Sunday Serial – Maybe II

Maybe by Jane Jago and E.M. Swift-Hook . Sometimes we walk the edges of realty… You can read Part I here.

“So what has this to do with anything?” she asked at last, when the small talk dried up over their beer.
“Your dream,” he said, “the one you keep having about a glowing necklace of strange pearls.”
Jess nodded, she had told him of it when he asked her if she ever remembered her dreams.
“I’m not sure they were pearls, just the kind of odd light they gave off made them seem like it. They were pearls shaped in ridged spirals.”
In the dream, she had seen something glowing under her uniform blouse, shining and everyone staring until she had run away and been standing on a cliff edge, then ripping open her blouse to see the strange necklace lying there on her naked breasts. The image came into her mind clear as a photograph and she heard Roald draw a small, sharp breath, which brought her back to the pub.
“Uh, yeah,” he said, his expression slipping into an odd smile, “that’s the one.”
For some reason, she felt uncomfortable and looked out of the window to escape the moment.
“It’s only been since the – the accident,” I’ve never had that kind of dream before.”
Standing naked on the cliff-edge, her hair so long it ran the full length of her back and blew out around her, sparking with energy, and feeling so whole, so complete – so powerful.
“I know.”
The way he said it, made her blush. She started pulling herself to her feet, leaning on the crutches.
“I need to get back – I promised I’d take my aunt to the talk on astrology. She loves all that kind of stuff.’
Roald rose too.
“And you don’t?”
“I never used to,” she admitted, as he helped her ease back into her coat.
“And now?”
She tried to shrug, but it was not so easy with the crutches.
“Maybe, believing in fate helps make this all seem less meaningless. Maybe it helps make sense of the senseless. Even if all I’m doing is seeing patterns in the stars by joining the dots with random lines.”
He stopped on the way back up the hill to the car. Asking her to wait as he dived into a tourist shop, full of costlier craft items. She studied the window but could not see what had caught his eye. When he came out he pushed a small flat box into her hand.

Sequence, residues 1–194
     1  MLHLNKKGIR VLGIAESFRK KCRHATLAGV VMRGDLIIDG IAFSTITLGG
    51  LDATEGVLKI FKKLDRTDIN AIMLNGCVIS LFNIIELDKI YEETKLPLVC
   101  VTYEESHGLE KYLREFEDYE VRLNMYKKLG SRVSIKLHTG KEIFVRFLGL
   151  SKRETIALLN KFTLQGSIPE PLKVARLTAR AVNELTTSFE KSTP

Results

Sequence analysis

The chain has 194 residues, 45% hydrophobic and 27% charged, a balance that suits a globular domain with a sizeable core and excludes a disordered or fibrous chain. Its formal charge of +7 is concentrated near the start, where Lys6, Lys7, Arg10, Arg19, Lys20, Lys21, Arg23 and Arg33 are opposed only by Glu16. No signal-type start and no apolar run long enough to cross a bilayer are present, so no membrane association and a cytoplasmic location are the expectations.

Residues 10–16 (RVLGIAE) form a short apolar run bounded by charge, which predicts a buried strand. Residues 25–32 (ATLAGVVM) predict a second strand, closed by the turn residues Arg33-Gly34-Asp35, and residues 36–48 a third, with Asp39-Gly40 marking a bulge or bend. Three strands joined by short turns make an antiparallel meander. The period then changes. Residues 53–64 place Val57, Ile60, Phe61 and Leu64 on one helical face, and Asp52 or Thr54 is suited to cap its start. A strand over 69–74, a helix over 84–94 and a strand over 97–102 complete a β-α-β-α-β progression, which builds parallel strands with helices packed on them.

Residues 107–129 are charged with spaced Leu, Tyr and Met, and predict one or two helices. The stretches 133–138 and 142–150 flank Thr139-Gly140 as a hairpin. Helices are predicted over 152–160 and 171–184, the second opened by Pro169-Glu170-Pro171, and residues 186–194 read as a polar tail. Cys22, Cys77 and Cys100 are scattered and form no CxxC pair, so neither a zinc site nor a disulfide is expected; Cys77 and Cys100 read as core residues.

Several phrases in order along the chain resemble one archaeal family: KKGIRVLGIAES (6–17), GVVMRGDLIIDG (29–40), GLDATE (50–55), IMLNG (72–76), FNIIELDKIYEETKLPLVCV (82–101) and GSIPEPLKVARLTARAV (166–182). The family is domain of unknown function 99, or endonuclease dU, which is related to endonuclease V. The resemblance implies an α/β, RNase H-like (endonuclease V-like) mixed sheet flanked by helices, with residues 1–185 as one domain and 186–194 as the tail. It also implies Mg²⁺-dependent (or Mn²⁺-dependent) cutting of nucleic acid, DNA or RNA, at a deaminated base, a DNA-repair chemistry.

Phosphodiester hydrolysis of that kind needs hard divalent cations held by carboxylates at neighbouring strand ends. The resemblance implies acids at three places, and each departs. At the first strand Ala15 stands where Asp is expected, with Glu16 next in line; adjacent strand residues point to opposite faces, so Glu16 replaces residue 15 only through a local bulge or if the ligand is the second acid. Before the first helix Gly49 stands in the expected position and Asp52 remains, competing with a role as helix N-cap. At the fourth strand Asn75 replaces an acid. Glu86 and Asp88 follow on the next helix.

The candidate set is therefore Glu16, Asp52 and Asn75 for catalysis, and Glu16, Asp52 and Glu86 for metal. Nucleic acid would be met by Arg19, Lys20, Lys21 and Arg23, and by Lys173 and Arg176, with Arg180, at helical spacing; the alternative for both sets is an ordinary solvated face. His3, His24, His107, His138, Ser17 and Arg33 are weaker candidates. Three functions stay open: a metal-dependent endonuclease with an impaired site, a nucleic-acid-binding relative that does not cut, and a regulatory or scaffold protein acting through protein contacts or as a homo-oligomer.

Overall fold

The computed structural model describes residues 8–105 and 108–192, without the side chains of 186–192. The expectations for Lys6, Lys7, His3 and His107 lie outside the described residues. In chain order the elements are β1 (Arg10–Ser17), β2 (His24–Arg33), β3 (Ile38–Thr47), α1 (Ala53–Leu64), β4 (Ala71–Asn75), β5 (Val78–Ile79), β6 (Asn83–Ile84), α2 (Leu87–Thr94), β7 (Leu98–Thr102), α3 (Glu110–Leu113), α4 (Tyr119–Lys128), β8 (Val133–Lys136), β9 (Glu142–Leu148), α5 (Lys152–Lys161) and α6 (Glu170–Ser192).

“Just something to remember today by,” he said. The leaned forward to kiss her, lightly, one hand running up over the curve of her breast, lingering as he whispered: “You look beautiful naked.”
She had been so stunned that she had frozen, her whole body stiff, paralysed. Just as it had been when she woke up to find herself in hospital. So she had not said a word as he turned his broad back away and strode off into the crowds of tourists, lost to sight the moment he did so.
Sitting drinking coffee poured from her aunt’s ceramic samovar, it seemed a lifetime ago.
 “You know the young man I mean, don’t you pet? He came to one of my rune workshops? You went out with him a couple of months ago – he seemed such a nice young man.”
“I don’t think they got along, Susan,” her uncle said, frowning.
“No. We didn’t have much in common,” Jessica said quickly.
“Oh that’s such a shame,” her aunt sounded almost as if she really meant it. “He was at the workshop again yesterday, I told him he should be the one teaching it, he’s very good. I invited him over for dinner.”
Jessica felt her hands lose all their strength and the tiny coffee cup slipped through her fingers to shatter on the polished wood of the floor. It was suddenly hard to breathe, as if something was stifling her. Then her uncle was there, helping her up, helping her to escape to the sanctuary of her own room, knowing what she needed, so leaving her alone after a brief hug.
“Don’t fuss over the girl so much, Dave. She’s not a piece of china. And get something to clear that up, good thing it was mostly empty. I’d never get the stains out of the curtains…”
Her aunt’s voice receded as the door to the lounge closed.
She sat there for a moment then started to pack. Slowly, because movements were awkward and not easy still. She had tried to slip unnoticed through the kitchen, but her uncle was there starting on making the usual sandwiches they had for lunch, thick cut ham with pickle for Aunt Susan, and Marmite salad for himself and Jessica. She saw him take in her appearance as he looked up from his work and he wiped his hands on a tea-towel, before reaching into his pocket.
 “Take this, lass.” He pushed a wad of notes into her hand. “No arguments. Come back when you can. “

Jane Jago and E.M. Swift-Hook

Part 3 of Maybe will be here next week…

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